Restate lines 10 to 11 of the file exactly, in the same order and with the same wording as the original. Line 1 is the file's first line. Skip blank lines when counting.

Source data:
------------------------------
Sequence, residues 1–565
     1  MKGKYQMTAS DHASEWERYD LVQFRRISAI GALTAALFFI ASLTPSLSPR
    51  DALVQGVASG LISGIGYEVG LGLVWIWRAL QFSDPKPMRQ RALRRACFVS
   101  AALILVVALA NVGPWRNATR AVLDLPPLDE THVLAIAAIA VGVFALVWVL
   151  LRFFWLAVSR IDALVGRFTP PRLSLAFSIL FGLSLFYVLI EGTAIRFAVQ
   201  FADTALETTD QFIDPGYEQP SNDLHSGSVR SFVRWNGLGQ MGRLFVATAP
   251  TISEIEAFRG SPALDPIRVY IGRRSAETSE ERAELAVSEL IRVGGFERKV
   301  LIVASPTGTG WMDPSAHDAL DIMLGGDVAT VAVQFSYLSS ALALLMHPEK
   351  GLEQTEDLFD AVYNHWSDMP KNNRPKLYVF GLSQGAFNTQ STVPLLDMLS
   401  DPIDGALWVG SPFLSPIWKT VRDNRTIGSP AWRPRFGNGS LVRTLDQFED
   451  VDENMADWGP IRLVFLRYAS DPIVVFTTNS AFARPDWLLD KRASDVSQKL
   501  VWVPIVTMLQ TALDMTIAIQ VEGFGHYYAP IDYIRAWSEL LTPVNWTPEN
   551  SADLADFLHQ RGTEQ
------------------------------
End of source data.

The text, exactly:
   401  DPIDGALWVG SPFLSPIWKT VRDNRTIGSP AWRPRFGNGS LVRTLDQFED
   451  VDENMADWGP IRLVFLRYAS DPIVVFTTNS AFARPDWLLD KRASDVSQKL